BY BILL GATES ON OCTOBER 22, 2014
Of all the things I did when I visited Cornell University recently, I probably had the most fun brushing up on how plants have sex.
Cornell is one of the world’s top universities for research on improving crops. Their work involves a lot of plant breeding. During one meeting, I got to try my hand at cross-pollinating wheat, which is a surprisingly delicate procedure. It gave me even more respect for the people who do it every day.
Cornell’s work on crop improvement also involves a lot of cutting-edge genetics. You might see the words “crop improvement” and “genetics” in the same sentence and think I’m talking about GMOs. Although Melinda and I do support research in that area—we don’t think poor farmers should be denied the choice to use any tools that might benefit them—the work I saw at Cornell is different. It’s focused on how the science of genetics can improve agriculture in other ways. And the advances are really exciting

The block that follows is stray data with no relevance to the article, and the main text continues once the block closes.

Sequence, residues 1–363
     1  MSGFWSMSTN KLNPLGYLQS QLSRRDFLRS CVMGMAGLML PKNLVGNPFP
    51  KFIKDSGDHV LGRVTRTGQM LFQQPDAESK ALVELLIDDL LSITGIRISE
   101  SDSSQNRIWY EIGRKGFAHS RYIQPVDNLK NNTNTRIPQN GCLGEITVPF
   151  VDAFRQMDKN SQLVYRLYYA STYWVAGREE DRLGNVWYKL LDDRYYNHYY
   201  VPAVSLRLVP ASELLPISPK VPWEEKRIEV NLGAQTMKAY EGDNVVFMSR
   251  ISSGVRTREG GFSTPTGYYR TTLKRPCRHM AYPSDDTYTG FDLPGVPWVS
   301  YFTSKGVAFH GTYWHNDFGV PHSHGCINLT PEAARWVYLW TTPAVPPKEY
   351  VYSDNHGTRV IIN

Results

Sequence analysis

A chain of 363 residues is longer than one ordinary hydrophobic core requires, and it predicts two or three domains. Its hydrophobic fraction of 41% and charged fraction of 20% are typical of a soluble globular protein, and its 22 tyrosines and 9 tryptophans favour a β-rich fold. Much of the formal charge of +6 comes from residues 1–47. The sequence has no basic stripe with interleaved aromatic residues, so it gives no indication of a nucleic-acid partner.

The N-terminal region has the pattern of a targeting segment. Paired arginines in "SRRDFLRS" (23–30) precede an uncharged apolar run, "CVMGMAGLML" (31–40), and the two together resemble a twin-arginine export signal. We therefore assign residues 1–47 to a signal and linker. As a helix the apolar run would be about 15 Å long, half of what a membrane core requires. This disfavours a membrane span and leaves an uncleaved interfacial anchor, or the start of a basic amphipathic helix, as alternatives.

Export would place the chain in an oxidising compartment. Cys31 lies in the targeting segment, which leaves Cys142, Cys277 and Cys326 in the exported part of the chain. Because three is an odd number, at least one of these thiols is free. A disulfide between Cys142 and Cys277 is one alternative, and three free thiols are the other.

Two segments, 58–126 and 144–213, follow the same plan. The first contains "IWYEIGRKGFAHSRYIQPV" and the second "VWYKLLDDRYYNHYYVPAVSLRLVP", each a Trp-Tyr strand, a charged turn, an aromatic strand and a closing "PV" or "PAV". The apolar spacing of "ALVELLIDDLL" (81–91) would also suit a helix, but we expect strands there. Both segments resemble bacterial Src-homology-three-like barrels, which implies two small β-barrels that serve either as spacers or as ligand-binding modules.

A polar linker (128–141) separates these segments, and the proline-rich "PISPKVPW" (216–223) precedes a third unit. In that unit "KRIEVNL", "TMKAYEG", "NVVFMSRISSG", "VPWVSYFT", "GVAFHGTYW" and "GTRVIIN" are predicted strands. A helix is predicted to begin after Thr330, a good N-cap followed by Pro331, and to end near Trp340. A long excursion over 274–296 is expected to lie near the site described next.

I got interested in crop breeding through my work with the Gates Foundation. Because most of the world’s poor people are farmers, helping farmers grow more food is one of the most powerful levers we have for fighting poverty. The faster we can improve crops—making them more nutritious or drought-tolerant, for instance—the faster we can help farmers become more productive.